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bprescot
04-24-2012, 12:11 PM
So I was looking through knyfeknerd's catering thread, and it brought up a question I've long wondered about. When you're plating a bajillion dishes in a catering setting or really any setting where a lot of items on a plate are prepared in advanced and then plated, how the heck to do you manage temperature control? I mean, I get that a warm plate will help, but after you've plated 40 of the things, surely the temperature has to be off... But it rarely is when I go to these functions. Is there something I'm missing? Any tricks I can use in a home kitchen when I've got a dinner party menu with a thousand components but only 2 working burners?

mpukas
04-24-2012, 12:41 PM
A couple tricks hotels/restaurants use is a ton of people who each plate one item, and then the finished plates are covered w/ a pre-heated lid.

As a private chef, I understand your concern. Use the oven - it's your best friend to keep things warm, from plates to finished cooked items. Prioritize your items - some can be held at temp for a while, such as starches, some veggies, and braised meats, while others can't take any more heat or they'll be over cooked, such as fish and grilled meats. Get your plates as hot as your can safely handle them, keep items that can be at temp in the oven the longest, and plate the temp sensative proteins etc. last. And get as many people as you can to help ferry the plates f/ the counter to table. mpp

BobCat
04-24-2012, 12:54 PM
A couple tricks hotels/restaurants use is a ton of people who each plate one item, and then the finished plates are covered w/ a pre-heated lid.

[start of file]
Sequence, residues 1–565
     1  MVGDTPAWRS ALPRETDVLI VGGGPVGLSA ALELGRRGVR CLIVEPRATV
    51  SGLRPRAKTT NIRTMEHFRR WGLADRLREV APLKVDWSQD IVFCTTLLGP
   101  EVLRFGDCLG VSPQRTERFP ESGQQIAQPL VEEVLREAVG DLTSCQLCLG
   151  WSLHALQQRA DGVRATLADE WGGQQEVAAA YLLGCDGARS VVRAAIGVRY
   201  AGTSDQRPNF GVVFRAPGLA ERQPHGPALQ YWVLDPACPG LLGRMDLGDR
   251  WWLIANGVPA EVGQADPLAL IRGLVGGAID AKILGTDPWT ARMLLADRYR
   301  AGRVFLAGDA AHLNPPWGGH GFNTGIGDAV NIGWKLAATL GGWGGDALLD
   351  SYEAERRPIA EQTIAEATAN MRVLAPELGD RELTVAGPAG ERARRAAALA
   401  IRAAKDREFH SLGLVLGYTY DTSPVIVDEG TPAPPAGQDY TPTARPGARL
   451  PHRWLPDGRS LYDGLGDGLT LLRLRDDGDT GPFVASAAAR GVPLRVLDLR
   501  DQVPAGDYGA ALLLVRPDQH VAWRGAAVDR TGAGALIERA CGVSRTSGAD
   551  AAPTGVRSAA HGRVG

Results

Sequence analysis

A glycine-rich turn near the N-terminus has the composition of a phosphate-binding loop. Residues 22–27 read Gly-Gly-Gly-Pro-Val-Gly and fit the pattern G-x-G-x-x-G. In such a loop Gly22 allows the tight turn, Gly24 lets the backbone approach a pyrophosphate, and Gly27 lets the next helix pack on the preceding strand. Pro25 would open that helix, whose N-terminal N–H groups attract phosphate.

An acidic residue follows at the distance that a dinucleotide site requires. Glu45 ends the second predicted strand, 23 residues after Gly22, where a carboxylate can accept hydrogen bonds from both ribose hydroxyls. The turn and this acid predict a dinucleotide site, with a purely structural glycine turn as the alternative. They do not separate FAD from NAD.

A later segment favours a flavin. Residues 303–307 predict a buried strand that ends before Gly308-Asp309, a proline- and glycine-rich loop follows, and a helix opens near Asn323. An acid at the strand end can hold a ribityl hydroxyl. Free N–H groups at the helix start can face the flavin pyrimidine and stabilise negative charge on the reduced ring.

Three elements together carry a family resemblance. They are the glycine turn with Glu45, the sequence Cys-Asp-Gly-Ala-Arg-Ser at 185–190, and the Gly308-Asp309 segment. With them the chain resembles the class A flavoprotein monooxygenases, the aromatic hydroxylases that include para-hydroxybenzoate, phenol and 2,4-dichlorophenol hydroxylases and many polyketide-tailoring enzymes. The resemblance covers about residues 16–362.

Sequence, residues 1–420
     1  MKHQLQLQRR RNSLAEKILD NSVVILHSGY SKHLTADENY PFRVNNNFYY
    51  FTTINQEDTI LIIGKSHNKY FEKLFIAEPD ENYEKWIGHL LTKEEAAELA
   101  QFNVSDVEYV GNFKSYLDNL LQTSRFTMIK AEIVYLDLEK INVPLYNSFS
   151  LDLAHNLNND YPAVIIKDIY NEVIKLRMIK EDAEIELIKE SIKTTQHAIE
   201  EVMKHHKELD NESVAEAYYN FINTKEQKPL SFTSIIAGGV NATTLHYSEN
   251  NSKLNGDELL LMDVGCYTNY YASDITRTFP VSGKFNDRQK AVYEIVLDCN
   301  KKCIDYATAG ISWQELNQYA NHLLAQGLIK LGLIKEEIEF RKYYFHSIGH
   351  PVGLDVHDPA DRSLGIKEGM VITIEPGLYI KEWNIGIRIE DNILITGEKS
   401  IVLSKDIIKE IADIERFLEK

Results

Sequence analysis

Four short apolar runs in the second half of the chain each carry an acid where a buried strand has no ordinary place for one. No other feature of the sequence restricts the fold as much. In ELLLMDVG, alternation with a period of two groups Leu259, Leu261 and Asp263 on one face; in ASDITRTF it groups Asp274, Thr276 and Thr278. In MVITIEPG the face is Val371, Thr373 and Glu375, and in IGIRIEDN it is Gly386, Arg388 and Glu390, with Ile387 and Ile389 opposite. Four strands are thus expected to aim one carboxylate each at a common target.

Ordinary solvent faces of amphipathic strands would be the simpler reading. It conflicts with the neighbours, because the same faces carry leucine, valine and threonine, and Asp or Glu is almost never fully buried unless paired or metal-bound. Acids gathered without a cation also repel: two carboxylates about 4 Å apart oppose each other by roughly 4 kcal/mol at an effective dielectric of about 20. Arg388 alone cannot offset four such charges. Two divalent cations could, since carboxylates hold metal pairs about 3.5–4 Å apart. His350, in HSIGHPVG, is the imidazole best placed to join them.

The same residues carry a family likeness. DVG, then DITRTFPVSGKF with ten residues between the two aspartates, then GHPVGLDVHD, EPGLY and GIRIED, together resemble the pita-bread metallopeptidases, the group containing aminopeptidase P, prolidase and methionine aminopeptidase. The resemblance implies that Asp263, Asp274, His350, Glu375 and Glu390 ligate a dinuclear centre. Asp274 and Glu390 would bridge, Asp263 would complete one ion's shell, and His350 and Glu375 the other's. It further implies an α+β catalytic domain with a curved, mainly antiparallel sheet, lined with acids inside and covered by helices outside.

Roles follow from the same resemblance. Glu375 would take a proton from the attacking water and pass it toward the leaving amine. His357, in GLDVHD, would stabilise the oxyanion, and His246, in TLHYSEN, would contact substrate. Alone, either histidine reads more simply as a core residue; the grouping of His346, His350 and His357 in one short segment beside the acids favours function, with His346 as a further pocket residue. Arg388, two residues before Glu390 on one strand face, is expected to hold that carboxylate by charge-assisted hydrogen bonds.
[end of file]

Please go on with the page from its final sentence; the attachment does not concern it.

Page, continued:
Chef, where can a home cook buy a few of these lid covers? I am guessing you heat them in the oven?

tkern
04-24-2012, 01:01 PM
Hot boxes. Large temperature controlled boxes so you can plate the food, put a lid on it and stack it in the box. Some of these can stack a couple hundred plates at a time.

Eamon Burke
04-24-2012, 01:10 PM
1. You work really fast. It's all about setting up a system that allows you minimum movements over and over.
2. As a caterer, I told people I wasn't a cook. I was a carry-over management specialist. The ideal situation is that the food is made so that it's perfect AFTER it's been held. This is where you learn to love resting your meats, finishing things in the oven on low temp, and allowing the soup to cool a bit.
3. When you do an event for, say, 600 people, the 500th order doesn't have to be done when the 1st is walking out. It doesn't even necessarily have to be started, because of the logistics of getting the food all out there and on everyone's table.
4. We'd use the proofer to hold plated food SOMETIMES. This is a sort of worst case scenario, because it's hard to know exactly how the food should be held, and it'll only buy you like 15 minutes, but I've done it.

bprescot
04-24-2012, 01:29 PM